On October 24th the state of California will hold a public workshop to discuss a proposal for reducing and ultimately phasing out HFC refrigerants from the state. The forum will be held from ten in the morning to two in the afternoon in Sacramento, CA. It can also be followed online through a live webcast that can be found by clicking here.
This public forum is a direct reaction to a federal court’s August ruling that overturned the Environmental Protection Agency’s SNAP Rule 20 to phase out HFC refrigerants across stationary and automotive applications.
The SNAP Rule 20, which was introduced in 2015, was the EPA’s attempt to phase out HFC refrigerants over the next ten to fifteen years. The problem here was that the EPA used the same authority that they used to phase out CFC and HCFC refrigerants. The basis of these previous phase outs were to stop the leaking and venting of Chlorine into the atmosphere. The Chlorine that these refrigerants contained actively damaged the Ozone layer. However, HFC refrigerants such as R-134a, R-410A, and R-404A do not contain Chlorine. Instead, these refrigerants are a very potent Greenhouse Gas that contribute to Global Warming when vented or leaked. So, while they do harm the environment they do it in a completely different way then the Chlorine did to the Ozone.
In August the federal court overturned the EPA’s phase out and then in September Honeywell and Chemours filed an appeal to the federal court’s ruling in hopes that the phase out will be put back in place. There is no timeline for when a decision on the appeal will be reached and so as I write this today the industry is in kind of a limbo not knowing exactly what is going to happen. Will the court rule in favor of Honeywell/Chemours and put the phase out back in place or will they rule against it and force the United States government to go through Congress for a HFC phase out?
Regardless of what comes out of the courts one thing is for certain. California isn’t waiting around to find out. As I said above on October 24th the California Air Resources Board, or CARB, will be hosting their own public forum on HFC phase outs and how the state will deal with Short Lived Climate Pollutants. (SLCPs.) HFCs are seen as SLCPs due to their short life but damaging Global Warming Potential when compared to Carbon Dioxide.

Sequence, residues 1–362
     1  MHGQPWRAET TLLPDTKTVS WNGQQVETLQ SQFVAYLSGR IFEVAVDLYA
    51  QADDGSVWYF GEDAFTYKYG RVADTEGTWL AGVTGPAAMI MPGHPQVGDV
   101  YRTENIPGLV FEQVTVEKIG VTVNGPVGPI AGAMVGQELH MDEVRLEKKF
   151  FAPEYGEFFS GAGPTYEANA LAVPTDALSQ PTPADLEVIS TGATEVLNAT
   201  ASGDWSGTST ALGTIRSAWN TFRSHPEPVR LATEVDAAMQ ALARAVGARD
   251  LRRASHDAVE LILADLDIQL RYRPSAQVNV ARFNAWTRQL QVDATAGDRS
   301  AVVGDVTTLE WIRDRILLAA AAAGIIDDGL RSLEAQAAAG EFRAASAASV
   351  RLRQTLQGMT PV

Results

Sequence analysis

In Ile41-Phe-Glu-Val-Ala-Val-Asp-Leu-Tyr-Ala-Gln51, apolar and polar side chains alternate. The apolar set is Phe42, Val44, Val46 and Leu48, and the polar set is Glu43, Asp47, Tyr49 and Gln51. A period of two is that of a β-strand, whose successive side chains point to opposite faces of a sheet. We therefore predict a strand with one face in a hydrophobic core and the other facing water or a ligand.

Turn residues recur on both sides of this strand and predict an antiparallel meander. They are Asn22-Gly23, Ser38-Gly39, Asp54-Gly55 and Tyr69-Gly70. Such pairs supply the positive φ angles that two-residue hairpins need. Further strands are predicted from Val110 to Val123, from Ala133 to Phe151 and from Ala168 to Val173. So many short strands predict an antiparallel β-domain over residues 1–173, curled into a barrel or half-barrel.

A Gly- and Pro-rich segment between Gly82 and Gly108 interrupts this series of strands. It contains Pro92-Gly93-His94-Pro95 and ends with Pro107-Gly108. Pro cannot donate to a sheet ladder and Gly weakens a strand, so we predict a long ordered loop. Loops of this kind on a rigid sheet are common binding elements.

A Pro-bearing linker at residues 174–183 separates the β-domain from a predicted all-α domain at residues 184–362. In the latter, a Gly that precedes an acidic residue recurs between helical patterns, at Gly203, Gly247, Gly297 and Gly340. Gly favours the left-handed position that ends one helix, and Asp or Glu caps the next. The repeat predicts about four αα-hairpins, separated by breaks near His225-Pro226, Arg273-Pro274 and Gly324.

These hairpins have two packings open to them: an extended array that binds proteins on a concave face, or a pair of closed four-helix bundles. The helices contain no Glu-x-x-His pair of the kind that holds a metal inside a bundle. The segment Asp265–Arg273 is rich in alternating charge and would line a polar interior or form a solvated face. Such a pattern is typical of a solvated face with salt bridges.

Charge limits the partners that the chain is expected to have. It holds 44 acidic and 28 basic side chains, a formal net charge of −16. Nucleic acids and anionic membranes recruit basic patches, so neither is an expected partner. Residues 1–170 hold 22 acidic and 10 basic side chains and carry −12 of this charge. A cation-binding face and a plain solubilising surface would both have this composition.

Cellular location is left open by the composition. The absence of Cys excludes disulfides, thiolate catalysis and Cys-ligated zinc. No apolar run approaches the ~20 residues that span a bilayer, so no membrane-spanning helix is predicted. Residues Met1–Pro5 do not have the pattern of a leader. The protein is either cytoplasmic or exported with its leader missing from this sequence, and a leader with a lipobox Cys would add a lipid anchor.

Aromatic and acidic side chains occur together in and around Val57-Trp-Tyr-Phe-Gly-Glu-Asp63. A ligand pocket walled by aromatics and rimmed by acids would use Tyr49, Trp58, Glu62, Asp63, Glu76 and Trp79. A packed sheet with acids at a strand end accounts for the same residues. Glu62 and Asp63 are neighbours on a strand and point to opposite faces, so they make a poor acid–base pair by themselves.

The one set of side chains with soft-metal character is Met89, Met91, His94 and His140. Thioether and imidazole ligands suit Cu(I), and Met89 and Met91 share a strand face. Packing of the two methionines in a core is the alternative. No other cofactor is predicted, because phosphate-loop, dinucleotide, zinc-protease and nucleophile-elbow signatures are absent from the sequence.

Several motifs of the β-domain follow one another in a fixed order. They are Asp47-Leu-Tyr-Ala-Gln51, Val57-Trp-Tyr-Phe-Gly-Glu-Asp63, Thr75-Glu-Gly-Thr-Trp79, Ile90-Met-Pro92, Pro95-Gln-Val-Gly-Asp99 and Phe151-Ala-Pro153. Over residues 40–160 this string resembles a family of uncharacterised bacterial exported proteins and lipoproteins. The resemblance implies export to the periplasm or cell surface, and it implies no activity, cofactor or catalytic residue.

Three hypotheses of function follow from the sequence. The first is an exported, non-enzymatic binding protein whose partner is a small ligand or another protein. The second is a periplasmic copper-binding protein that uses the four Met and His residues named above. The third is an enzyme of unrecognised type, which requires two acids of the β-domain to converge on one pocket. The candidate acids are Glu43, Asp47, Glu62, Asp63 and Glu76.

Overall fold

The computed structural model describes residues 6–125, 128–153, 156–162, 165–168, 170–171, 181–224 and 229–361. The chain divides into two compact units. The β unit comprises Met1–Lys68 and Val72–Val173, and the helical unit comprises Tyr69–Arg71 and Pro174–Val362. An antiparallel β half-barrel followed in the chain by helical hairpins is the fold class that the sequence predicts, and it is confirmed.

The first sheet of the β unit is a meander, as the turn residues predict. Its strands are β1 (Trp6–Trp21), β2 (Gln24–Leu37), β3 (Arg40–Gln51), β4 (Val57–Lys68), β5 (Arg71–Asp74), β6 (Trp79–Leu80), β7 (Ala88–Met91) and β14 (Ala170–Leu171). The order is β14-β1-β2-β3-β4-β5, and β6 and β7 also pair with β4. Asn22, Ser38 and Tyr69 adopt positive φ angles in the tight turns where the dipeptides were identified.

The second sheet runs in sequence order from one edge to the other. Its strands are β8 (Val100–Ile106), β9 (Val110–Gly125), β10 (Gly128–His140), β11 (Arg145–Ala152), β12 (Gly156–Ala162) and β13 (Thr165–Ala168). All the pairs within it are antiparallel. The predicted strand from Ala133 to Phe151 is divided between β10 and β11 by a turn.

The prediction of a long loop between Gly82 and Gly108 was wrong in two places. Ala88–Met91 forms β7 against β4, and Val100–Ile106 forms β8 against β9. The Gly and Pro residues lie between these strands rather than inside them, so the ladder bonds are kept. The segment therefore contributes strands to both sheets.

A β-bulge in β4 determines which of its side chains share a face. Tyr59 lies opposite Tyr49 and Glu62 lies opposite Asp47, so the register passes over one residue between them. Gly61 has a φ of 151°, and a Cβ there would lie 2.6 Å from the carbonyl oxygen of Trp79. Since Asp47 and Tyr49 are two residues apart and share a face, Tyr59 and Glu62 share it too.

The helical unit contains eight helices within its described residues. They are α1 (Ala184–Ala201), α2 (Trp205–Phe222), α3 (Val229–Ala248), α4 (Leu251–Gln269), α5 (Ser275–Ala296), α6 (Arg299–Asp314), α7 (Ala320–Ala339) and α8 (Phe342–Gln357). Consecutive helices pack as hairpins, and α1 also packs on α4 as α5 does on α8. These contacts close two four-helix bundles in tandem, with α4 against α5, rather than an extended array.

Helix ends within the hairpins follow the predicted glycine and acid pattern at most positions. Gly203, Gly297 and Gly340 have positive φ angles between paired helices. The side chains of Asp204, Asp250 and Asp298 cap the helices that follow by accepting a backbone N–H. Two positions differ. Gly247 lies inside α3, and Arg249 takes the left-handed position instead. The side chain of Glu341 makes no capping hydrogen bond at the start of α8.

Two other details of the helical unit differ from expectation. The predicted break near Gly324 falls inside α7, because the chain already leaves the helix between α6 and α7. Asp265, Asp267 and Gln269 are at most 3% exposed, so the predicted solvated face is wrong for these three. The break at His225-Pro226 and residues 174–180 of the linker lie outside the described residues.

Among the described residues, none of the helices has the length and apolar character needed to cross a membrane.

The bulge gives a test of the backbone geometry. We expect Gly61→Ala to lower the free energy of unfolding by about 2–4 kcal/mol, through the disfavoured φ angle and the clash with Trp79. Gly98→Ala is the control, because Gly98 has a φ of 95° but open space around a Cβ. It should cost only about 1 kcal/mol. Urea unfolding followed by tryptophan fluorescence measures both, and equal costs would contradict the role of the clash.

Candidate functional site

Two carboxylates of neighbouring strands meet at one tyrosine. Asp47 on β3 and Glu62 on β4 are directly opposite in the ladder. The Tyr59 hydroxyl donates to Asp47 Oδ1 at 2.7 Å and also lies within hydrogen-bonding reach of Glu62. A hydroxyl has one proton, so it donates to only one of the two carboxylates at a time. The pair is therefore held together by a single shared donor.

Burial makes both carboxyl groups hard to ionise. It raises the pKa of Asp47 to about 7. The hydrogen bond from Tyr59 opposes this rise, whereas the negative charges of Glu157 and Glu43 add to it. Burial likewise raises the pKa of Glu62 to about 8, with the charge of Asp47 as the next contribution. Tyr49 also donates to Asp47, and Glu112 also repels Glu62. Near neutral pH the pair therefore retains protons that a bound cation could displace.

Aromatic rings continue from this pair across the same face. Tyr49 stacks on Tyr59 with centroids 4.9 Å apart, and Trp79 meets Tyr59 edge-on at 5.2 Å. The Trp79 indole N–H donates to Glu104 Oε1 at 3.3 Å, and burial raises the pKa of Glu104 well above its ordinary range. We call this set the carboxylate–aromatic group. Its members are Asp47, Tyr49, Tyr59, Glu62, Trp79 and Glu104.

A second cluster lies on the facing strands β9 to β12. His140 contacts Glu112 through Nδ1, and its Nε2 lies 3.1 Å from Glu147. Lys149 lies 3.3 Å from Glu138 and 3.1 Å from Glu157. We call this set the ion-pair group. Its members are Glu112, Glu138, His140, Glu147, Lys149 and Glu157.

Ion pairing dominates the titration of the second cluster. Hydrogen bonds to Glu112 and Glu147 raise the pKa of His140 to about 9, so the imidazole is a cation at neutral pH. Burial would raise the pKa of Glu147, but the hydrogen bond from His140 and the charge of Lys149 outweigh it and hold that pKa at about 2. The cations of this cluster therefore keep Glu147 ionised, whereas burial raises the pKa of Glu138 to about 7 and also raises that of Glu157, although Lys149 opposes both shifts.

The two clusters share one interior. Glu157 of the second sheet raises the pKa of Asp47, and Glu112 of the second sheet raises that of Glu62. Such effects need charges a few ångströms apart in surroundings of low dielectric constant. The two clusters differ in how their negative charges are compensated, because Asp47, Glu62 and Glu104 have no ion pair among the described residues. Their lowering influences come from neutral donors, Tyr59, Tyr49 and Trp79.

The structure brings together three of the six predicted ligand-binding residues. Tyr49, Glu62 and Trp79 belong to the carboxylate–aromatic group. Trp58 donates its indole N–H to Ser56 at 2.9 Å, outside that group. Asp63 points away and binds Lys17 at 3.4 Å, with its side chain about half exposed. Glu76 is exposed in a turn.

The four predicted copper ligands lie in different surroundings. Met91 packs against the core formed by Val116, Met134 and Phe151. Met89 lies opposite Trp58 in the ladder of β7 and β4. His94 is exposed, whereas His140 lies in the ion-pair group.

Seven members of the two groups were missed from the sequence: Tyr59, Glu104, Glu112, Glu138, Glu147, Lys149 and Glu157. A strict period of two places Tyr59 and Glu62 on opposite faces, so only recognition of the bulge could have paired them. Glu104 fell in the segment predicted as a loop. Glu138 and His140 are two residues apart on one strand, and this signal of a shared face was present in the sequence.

This hearing will only focus on stationary refrigeration and air conditioning but additional sectors such as refrigerators, freezers, and even automotive could be addressed further down the road.
There are two main goals of the meeting.
- The first is to begin a rule making process to adopt regulations that will prohibit use of certain HFC refrigerants.
- The second is to further evaluate potential future rulemakings in regards to HFC refrigerants and their other applications.
CARB is mandated by California law SB 1383 to reduce HFC refrigerants by forty percent below the 2013 baseline levels by the year 2030. Originally though, in March of 2017 CARB adopted it’s SLCP strategy for reducing emissions across the state. The strategy was heavily reliant on the EPA and Federal Government’s rules. When the courts overturned the EPA’s rules it threw everything out of whack for CARB’s planned HFC reduction and that is how we have arrived to today’s announced meeting.
While I do not see to big of a change to the average consumer if California begins phasing out stationary refrigerant applications what worries me most is the potential for an automotive HFC phase out in just one state across the country. I can’t even begin to imagine the logistics in that and how it would work. I know when I worked for my previous company we had to be careful not to ship certain types of brake cleaner to California due to the volatile organic compounds that it contained. If we made a mistake and shipped the wrong product we could face heavy fines. Can you imagine how it would work if only new cars with 1234yf or CO2 refrigerant systems could be sold in California?
I’ve always seen California as the ‘red headed stepchild’ of the United States. They are always doing things a little differently and always creating their own, sometimes controversial, laws. Sometimes these laws get carried over to the rest of the states and sometimes not so much. We could very seriously end up in a situation where HFCs are allowed across the country except in California. Very strange times indeed.